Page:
Acknowledging the fact that Europe's biggest economies -- including Germany's -- are very sick, Brussels delayed a 2004 deadline to balance budgets. The move draws sharp critique from countries in compliance.
German debt will reach 2.9 percent of GDP this year
With Europe’s largest economies in a deficit bind, the European Commission passed a policy delaying a balanced budget deadline and giving members two extra years, until 2006, to balance their books.
The Tuesday decision by the EU’s administrative and executive arm brought relief to Germany, Italy, Portugal and France, all of whom are either in the process of, or already violating the EU’s stability pact rule that budget deficits can be only 3 percent of the country’s Gross Domestic Product.
The decision drew criticism from countries Belgium, Spain and the Netherlands, all of whom have taken domestically unpopular steps to reduce deficits.
“If next year or in 2004 the German, Italian or French budgets should again veer away from an equilbirium, I think we would not only put at risk the pact but the legitimate confidence of investors and consumers in the evolution of the European Union,” said Beligan Finance Minister Didier Reynders in a radio interview.
Europe's strongest and its weakest
The three countries make up both Europe’s biggest economies and its biggest debtors. The German ecnonomy, in particular, has been hedging dangerously close to the 3 percent limit set by the Growth and Stability Pact – which the Germans helped shape in the mid-1990s.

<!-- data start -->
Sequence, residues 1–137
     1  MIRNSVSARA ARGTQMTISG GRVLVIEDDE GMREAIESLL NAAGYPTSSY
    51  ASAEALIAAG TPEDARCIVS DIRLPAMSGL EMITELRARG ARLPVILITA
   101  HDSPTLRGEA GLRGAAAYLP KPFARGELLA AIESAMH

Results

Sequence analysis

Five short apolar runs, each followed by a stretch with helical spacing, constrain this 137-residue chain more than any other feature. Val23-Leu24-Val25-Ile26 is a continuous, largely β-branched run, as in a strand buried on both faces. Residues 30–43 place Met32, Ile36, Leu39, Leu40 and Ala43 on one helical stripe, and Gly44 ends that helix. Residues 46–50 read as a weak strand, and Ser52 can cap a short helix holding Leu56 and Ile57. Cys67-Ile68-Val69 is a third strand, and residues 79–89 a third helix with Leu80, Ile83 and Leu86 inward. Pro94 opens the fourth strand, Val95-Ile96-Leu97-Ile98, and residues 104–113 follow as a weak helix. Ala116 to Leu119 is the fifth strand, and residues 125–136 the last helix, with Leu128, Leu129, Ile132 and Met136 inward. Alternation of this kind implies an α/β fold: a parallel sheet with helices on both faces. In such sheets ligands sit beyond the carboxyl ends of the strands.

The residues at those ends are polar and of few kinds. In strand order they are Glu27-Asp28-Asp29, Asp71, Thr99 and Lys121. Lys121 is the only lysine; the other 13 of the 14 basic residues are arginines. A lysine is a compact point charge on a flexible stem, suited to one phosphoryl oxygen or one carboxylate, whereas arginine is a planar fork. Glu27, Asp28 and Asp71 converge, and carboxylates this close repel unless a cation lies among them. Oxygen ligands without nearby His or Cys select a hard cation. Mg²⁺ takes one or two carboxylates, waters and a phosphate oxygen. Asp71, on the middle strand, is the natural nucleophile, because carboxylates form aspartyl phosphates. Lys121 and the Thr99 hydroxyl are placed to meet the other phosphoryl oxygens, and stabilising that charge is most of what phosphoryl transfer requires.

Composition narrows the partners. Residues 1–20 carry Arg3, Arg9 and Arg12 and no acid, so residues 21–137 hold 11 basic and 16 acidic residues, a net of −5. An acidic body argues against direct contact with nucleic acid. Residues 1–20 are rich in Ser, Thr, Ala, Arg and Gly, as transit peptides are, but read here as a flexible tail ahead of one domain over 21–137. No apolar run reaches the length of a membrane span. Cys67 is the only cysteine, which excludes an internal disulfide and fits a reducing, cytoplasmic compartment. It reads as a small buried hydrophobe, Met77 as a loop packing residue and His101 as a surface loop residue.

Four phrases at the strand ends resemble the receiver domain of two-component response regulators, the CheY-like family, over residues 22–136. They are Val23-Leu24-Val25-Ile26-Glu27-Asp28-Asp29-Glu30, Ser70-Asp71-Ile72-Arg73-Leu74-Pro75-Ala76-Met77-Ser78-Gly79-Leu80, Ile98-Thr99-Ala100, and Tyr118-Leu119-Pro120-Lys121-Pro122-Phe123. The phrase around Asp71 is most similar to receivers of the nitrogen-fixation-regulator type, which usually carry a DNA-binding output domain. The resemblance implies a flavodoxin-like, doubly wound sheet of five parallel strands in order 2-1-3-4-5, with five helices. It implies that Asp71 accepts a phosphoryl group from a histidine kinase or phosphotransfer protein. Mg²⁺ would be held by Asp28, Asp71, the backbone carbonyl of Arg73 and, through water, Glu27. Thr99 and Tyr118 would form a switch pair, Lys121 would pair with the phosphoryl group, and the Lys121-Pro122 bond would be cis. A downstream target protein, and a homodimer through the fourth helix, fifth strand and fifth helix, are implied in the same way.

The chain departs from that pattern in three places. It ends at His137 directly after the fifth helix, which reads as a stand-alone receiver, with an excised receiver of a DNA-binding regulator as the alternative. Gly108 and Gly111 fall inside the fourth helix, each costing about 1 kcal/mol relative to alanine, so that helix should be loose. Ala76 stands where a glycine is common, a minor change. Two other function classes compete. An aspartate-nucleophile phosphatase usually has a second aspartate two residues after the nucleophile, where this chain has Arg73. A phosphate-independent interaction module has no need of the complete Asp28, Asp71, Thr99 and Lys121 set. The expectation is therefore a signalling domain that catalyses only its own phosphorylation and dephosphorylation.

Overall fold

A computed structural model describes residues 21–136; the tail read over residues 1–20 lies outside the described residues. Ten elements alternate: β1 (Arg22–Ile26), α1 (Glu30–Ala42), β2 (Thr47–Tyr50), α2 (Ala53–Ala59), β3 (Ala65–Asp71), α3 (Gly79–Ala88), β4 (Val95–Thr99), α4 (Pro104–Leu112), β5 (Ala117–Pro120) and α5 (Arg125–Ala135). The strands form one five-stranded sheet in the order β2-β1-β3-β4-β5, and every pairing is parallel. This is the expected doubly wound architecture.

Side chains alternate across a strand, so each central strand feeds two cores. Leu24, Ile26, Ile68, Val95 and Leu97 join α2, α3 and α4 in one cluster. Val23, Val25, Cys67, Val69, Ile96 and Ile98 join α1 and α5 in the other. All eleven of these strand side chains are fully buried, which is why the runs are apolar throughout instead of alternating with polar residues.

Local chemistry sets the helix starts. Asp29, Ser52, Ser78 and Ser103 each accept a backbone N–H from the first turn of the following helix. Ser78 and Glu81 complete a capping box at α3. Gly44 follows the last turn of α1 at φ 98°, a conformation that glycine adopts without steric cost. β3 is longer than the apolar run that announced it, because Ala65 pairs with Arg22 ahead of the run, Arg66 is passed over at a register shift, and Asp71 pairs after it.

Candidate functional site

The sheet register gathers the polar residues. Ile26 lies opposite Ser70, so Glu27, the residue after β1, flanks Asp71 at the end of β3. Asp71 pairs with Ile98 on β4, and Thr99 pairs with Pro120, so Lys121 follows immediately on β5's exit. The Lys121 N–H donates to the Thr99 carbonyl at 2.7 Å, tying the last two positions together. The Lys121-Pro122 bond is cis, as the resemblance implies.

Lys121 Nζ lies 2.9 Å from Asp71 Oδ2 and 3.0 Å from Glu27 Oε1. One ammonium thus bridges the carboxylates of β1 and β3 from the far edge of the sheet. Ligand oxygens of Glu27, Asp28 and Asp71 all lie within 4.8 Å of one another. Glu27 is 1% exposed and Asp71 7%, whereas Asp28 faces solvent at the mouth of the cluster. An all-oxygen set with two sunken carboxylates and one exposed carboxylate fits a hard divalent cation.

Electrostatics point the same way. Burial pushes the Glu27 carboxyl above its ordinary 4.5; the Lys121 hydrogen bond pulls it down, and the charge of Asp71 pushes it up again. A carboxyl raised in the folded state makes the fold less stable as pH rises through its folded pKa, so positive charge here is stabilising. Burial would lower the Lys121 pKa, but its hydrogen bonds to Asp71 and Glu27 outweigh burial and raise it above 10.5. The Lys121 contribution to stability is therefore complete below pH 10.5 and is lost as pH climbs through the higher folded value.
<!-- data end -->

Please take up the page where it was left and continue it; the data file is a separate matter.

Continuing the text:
On Tuesday, German Finance Minister Hans Eichel, fresh off an ebullient nail-biting victory by his Social Democratic Party in Sunday’s elections, reported soberly to the Commission that German debt would reach 2.9 percent of the GDP this year. The number was 0.4 percent higher than the mark set earlier by the finance ministry.
Eichel has promised to continue on the strict savings program he initiated during Chancellor Gerhard Schröder’s first term. But economists say saving is not enough. Germany’s needs deep structural reforms to its economy.
Europe’s economies in a downward spiral
The refrain has been one that has resounded across the European Union with the rise of the globalized economy. At the moment, the European Union is finding itself facing a harsh economic reality.
The slumping world economy has prompted European economies to increase spending to provide stimulus. But spending only contributes to sluggish growth, according to a scathing report Tuesday by EU monetary affairs commissioner Pedro Solbes. As a result, the EU economies would only grow by a combined 1 percent in the coming year, 0.4 percent less than forecast.
Now, the country’s economies have until 2006 to sort out their problems, two years later than the original balanced budget deadline envisioned. But to keep major economies like Germany’s on guard, the Commission announced it expected budget deficits to go down 0.5 percent each year.
Delaying deadline could spark growth
The decision was greeted by the head of Germany’s Insitute for Economic Research.
”I see it as a must in order to save the stability pact,” Klaus Zimmerman told Reuters.
Had the EU stuck to the pact’s deadline, numerous economies would have missed the mark. The EU would then have faced a loss of faith in the Growth and Stability Pact, Zimmerman said. He also expects the decision to give a much needed growth boost to Europe’s economies, including Germany’s.